In 16th century BCE, the settlement of Akrotiri (modern-day Santorini, Greece) was destroyed by a devastating earthquake followed by a volcanic eruption. The town—and its vibrant frescoes—were blanketed in metres-thick layers of ash. Digs in the 1960s and ’70s unearthed remarkably well preserved depictions of abstract shapes, scenes from everyday life, and various fauna including cerulean monkeys gathering crocuses and saffron in veneration for their beloved priestesses. Covering the walls of nearly every building, these works were enjoyed across all classes of society, not just the wealthy elite.
Working through the material practice, histories, and restoration of these and other frescoes, DAMMA Paintings V1: Dependent Origination, offers a suite of new paintings alongside other recent works made from Venetian plaster and pigment. According to the artist, who has worked extensively with the medium, it “has many of the same properties as what is used to make fresco. It comes to life when it is pushed, layered and polished. Heat and pressure turn it into something like stone again. It is not applied, it is layered and built….” Made from ground marble dust and lime, it gives an illusion of depth and texture when applied as an architectural finish.
While Stuart’s work purposefully tests the viewer’s capacity to decipher, certain images begin to surface with time and attention. In addition to the Akrotiri remnants described above, the paintings loosely reference iconography from the outside ring of the Tibetan Buddhist Dharma Wheel. Called the cycle of Dependent Origination, this zone describes the causality of being: if this is, that is; if this ceases to be, that also ceases to be. And so, correspondingly, the plaster comes from limestone and returns to limestone—to become again what it was before.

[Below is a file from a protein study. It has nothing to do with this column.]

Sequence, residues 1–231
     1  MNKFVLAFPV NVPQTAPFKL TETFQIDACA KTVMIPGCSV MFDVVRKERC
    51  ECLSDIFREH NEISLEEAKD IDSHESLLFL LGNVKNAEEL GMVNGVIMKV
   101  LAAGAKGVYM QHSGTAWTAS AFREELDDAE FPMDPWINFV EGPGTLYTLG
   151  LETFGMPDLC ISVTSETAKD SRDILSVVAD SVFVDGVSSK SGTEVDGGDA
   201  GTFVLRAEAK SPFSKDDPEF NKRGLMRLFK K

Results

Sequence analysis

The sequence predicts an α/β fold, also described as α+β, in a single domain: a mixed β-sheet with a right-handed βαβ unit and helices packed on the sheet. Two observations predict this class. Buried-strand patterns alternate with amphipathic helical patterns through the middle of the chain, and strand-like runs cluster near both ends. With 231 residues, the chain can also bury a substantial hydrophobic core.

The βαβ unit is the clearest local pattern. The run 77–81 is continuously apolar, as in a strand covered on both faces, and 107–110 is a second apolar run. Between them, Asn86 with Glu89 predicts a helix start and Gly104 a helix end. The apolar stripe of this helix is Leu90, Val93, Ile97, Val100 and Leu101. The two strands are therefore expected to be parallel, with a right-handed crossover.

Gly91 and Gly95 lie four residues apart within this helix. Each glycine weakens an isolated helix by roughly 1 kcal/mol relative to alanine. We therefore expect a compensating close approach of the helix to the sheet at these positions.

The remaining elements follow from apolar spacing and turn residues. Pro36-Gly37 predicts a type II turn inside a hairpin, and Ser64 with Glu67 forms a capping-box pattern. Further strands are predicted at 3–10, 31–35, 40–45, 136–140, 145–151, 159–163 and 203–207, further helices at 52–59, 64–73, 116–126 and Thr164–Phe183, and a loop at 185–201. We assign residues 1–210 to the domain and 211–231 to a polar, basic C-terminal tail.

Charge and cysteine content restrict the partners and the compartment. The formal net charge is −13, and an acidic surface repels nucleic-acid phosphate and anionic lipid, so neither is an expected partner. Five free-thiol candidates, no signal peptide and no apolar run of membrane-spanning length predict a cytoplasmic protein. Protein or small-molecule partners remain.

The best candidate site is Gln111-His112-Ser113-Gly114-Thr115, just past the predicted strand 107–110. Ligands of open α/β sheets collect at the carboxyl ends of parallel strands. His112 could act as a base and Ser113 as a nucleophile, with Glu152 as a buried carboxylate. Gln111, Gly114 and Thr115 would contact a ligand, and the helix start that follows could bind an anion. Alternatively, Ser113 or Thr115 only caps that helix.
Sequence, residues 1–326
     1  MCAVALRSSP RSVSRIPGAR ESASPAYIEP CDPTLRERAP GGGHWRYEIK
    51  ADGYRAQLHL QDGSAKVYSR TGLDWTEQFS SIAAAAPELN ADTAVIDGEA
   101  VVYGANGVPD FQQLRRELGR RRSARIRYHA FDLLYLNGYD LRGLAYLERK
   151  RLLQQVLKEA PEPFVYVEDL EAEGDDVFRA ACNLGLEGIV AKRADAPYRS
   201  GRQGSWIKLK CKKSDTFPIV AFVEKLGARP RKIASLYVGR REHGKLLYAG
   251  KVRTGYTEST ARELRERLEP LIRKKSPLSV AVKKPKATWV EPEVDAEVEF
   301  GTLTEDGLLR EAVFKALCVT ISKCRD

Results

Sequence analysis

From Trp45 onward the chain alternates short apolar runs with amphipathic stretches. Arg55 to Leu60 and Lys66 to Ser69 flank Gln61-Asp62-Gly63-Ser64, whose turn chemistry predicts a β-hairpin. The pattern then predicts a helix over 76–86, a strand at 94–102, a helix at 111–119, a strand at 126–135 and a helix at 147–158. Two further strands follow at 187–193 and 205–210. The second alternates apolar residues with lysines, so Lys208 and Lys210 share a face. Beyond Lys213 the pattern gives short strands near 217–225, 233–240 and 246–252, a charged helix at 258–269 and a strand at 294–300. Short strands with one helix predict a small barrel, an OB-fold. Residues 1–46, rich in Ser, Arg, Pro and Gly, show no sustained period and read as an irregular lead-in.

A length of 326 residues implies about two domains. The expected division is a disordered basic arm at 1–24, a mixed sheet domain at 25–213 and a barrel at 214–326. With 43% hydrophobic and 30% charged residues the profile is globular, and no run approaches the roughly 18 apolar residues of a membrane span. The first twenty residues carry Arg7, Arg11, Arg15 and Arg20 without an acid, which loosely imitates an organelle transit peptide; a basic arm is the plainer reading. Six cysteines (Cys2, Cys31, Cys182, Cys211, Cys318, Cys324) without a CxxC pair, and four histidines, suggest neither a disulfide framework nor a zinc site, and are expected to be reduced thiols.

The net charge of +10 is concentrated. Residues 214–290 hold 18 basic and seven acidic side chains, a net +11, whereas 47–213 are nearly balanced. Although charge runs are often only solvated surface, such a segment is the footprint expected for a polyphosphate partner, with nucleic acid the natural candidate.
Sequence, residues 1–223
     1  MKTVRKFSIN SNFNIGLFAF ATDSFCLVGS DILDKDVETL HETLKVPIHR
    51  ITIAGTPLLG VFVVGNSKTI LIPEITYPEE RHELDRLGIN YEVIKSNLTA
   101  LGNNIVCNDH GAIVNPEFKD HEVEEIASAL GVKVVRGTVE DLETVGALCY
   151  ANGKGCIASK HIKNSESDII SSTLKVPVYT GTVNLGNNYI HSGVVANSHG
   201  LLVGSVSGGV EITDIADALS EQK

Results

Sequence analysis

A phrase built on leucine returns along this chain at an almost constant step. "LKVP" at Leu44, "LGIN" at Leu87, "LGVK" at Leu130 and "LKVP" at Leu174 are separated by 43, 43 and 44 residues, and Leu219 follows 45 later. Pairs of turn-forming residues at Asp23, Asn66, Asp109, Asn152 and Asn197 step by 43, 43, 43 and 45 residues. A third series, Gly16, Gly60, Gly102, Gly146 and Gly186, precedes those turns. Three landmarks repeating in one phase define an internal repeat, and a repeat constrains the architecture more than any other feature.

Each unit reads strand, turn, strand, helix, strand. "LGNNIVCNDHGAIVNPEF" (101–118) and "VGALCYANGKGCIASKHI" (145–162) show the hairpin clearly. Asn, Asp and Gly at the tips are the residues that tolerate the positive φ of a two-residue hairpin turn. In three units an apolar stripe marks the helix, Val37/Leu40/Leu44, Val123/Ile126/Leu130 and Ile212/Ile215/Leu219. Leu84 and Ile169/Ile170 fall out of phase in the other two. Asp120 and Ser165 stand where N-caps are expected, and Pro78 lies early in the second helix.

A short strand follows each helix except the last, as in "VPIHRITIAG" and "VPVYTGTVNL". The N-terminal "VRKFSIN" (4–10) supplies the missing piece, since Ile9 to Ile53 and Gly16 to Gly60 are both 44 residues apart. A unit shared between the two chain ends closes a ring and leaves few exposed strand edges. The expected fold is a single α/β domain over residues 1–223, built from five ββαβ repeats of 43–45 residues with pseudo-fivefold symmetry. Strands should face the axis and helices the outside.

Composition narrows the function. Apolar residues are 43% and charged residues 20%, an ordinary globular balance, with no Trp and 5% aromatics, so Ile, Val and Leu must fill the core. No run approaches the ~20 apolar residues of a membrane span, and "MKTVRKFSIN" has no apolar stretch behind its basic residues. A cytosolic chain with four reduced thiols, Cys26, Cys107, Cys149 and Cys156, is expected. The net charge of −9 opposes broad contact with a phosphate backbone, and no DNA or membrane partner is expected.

Beth Stuart (born 1979 in Saskatoon, Saskatchewan) lives and works in Toronto. Her work has been shown at The Power Plant, Toronto (2018); Anna Leonowens Gallery, Halifax (2017); Battat Contemporary, Montréal (2017); Esker Foundation, Calgary (2014); and Galerie de l'UQAM, Montréal (2013). Reube (V. Stepanova and M. Vionnet)
is a recently completed commission in the
Don River Valley Park, Toronto. Her work has been written about in Frieze Magazine, Mousse Magazine, Canadian Art, and Border Crossings. She has published critical texts in C Magazine and Canadian Art. Artist residences include Skowhegan; La Cité des Arts, Paris; NSCAD; Open Studio; and The Banff Centre. Beth’s work can be found in private, corporate and public collections, including Banque Nationale du Canada, Montréal; Royal Bank of Canada, Toronto; Art Gallery of Ontario, Toronto; Bank of Montreal, Toronto; TD Bank Group, Toronto; and Giverny Capital, Montréal. She holds a BFA from Concordia and a MFA from University of Guelph